On February 21, 2018, the U. S. Supreme Court in it decision Digital Realty Trust Inc. v. Somers (1), answered the question does the anti-retaliation provisions of the 2010 Dodd Frank Wall Street Reform and Consumer Protection Act (“Dodd Frank”) extend to a discharged employee who reported a potential securities violation to his employer but did not report the violation to the U. S. Securities Exchange Commission (“SEC”). The Court answered that the Dodd Frank provisions does not apply to the employer because no reports were made to the SEC.
Somers alleged that he was fired by Digital Realty Trust shortly after reporting to senior management suspected securities law violations by the company. Somers subsequently sued Digital in federal court for retaliation. Digital motion to dismiss that Somers was not a whistleblower under Section 78u-6(h) of Dodd Frank because he failed to notify the SEC about the securities law violations was denied by the district court. The Ninth Circuit Court of Appeals, affirming the district court, concluded that Dodd Frank does not require that a notification to the SEC prior to gaining “whistleblower” status, and it deferred to the SEC’s Rule 21F 1-17, under Chevron USA v. National Resources Defense Council, Inc. (2)
Two other Circuit had previously addressed the same issue. The Fifth Circuit in Asadi v. GE Energy LLC (3), decided that the employee must provide information to the SEC to prevail in a retaliation action. The Second Circuit held the opposite that notification to the SEC was not necessary to assert the protections of the SEC whistleblower protections.(4)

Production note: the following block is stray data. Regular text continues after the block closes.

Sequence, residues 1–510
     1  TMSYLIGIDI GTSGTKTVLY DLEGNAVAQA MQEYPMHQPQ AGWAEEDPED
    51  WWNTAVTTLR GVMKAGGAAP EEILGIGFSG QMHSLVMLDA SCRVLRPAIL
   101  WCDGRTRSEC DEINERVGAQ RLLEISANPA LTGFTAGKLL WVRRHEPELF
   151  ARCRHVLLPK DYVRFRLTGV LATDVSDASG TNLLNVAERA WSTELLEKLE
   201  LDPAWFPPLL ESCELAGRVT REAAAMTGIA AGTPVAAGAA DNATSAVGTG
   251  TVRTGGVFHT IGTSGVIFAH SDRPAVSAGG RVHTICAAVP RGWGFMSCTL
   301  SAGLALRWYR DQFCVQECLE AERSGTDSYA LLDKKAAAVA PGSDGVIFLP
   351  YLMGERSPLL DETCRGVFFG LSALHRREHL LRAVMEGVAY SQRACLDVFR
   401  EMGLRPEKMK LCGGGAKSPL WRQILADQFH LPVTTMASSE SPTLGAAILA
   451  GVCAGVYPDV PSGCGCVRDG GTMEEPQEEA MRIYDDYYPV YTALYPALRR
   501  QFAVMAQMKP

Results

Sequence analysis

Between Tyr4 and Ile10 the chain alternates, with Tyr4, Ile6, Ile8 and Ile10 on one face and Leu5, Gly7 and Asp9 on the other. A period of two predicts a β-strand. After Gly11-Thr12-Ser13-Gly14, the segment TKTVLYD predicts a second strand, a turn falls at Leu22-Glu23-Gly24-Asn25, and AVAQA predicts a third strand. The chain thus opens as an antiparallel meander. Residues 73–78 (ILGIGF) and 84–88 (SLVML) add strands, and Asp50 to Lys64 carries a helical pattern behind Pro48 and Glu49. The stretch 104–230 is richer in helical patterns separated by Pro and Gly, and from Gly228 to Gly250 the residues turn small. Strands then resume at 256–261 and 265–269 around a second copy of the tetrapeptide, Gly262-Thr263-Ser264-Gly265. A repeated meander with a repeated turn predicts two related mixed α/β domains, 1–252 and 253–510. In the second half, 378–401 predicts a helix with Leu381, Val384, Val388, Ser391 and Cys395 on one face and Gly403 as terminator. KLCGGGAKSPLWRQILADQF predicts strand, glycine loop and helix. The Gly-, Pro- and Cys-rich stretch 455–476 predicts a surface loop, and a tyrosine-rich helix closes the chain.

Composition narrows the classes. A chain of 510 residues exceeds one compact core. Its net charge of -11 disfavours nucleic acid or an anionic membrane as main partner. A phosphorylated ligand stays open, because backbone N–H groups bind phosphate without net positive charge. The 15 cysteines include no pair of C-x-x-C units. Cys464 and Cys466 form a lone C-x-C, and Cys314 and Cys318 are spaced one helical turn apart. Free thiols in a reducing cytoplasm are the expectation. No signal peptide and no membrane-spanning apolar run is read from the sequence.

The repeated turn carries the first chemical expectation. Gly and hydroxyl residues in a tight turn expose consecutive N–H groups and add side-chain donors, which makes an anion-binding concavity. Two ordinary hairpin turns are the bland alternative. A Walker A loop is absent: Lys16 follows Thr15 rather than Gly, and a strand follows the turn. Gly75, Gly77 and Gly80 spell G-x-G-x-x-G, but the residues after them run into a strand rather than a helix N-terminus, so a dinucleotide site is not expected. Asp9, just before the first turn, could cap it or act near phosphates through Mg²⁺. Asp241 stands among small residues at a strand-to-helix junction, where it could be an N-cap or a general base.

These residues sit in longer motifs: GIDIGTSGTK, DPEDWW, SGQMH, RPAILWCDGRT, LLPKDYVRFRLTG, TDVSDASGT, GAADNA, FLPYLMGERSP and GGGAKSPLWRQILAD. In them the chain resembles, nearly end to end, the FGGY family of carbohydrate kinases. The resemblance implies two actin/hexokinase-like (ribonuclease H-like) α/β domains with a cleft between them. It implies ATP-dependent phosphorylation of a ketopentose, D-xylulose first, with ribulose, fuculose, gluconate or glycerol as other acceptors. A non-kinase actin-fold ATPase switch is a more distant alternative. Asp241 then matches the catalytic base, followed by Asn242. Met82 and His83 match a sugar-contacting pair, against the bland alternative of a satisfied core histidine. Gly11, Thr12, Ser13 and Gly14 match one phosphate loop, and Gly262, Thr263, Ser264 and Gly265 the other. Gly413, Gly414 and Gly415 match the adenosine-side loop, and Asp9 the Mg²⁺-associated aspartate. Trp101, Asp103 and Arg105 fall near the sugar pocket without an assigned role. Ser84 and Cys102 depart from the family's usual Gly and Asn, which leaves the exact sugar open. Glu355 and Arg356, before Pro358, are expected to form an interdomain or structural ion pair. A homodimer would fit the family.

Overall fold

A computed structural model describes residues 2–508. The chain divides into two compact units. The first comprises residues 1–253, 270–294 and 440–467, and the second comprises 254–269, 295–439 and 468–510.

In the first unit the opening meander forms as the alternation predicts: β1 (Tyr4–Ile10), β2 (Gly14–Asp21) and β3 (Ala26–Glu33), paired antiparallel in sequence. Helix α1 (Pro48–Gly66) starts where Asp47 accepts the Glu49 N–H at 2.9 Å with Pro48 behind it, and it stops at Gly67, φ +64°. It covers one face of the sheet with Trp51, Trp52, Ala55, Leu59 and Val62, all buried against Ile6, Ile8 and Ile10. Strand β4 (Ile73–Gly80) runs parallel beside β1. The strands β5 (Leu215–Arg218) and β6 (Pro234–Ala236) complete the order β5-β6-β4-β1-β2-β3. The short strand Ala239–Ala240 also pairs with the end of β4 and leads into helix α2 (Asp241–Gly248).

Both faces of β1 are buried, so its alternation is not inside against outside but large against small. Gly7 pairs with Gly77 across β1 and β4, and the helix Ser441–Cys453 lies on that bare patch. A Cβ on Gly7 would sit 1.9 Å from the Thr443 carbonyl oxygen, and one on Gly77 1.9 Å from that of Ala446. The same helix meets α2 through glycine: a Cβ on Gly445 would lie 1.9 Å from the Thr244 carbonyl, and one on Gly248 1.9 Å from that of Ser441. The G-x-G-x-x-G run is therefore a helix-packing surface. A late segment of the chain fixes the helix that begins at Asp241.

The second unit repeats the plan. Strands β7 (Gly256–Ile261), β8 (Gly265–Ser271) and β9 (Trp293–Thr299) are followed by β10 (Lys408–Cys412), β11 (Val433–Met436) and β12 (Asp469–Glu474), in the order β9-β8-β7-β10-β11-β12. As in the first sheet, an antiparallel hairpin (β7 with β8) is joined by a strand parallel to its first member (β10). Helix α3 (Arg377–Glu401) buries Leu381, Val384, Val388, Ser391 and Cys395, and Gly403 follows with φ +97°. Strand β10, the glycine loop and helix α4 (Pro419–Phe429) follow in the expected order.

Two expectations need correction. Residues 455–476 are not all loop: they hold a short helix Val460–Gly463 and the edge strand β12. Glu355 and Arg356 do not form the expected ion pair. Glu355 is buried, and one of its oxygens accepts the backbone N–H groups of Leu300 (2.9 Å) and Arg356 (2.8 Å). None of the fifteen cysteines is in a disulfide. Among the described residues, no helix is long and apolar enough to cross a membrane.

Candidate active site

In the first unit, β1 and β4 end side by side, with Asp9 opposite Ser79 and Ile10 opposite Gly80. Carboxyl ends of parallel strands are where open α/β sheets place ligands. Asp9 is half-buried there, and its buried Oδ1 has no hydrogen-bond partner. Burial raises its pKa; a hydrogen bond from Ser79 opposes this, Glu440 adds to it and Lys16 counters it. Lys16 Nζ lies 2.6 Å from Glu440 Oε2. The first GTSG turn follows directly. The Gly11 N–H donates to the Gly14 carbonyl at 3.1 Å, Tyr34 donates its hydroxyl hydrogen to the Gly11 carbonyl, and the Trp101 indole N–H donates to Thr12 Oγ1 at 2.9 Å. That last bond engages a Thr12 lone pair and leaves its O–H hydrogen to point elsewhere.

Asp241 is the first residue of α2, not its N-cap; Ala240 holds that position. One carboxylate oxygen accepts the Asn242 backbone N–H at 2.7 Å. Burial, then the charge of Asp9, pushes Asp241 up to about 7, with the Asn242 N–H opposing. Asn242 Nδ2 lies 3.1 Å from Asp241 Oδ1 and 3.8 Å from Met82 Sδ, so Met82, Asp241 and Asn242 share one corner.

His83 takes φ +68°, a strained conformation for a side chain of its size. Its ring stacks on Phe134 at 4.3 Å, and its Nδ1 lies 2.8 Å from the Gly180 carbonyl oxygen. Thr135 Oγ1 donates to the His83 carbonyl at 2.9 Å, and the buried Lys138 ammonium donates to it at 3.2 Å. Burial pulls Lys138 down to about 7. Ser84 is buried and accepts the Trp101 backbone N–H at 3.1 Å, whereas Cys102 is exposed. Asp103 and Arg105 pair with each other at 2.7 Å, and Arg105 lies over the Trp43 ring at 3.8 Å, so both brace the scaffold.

The Court relied Dodd Frank Section 78u–6 that defines a “whistleblower” as “any individual who provides . . . in¬formation relating to a violation of the securities laws to the Commission, in a manner established, by rule or regu¬lation, by the Commission.” The Court rejected Somers’ argument the whistleblower definition applies only to the statute’s award program, not to its anti-retaliation provision. However, the Court said that if a statute provides a definition, courts must follow the statutory definition, even if, the definition is different from the term’s ordinary meaning. The Court felt that Somers’ position varied from the core objective of Dodd Frank’s robust whistleblower program as to motivate people to report securities law violations to the SEC.
In practice, Digital now forces an employee to report a potential securities law violation to the SEC before or at least at the same time the employee informs his employer. The employer must be careful how it treats the employee who may be followed the proper procedure to ensure that the anti-whistleblower protections are applicable. Very careful attention must be paid by both the employee and employer in these circumstances. Companies will be more at risk from a SEC inquiry that most likely will increase Company costs.
(1) Digital Realty Trust Inc. v. Somers, No. 16-1276, decided February 21, 2018.
(2) 467 U.S. 837
(3) 720 F.3rd 620 (2013)
(4) Berman v. NEO@OGILVY LLC, 801 F. 3rd
This document has been prepared by Despo Law Group for informational purposes only and is not offered as legal advice. The information is not intended to create, and receipt of it does not constitute, an attorney-client relationship. This information is not intended to be a source for legal advice, and thus the reader should not rely on any information provided as such.
William A. Despo, Esq.
Despo Law Group
36 Bingham Avenue
Rumson, NJ 07760